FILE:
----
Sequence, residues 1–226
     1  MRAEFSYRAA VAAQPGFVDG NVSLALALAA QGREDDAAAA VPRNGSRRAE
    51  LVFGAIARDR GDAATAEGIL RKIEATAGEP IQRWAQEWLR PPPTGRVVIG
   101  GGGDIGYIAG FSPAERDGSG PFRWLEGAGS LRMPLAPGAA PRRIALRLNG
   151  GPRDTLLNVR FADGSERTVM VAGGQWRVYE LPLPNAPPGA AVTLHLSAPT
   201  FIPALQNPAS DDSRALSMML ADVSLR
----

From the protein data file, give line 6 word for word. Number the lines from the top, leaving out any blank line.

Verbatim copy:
   201  FIPALQNPAS DDSRALSMML ADVSLR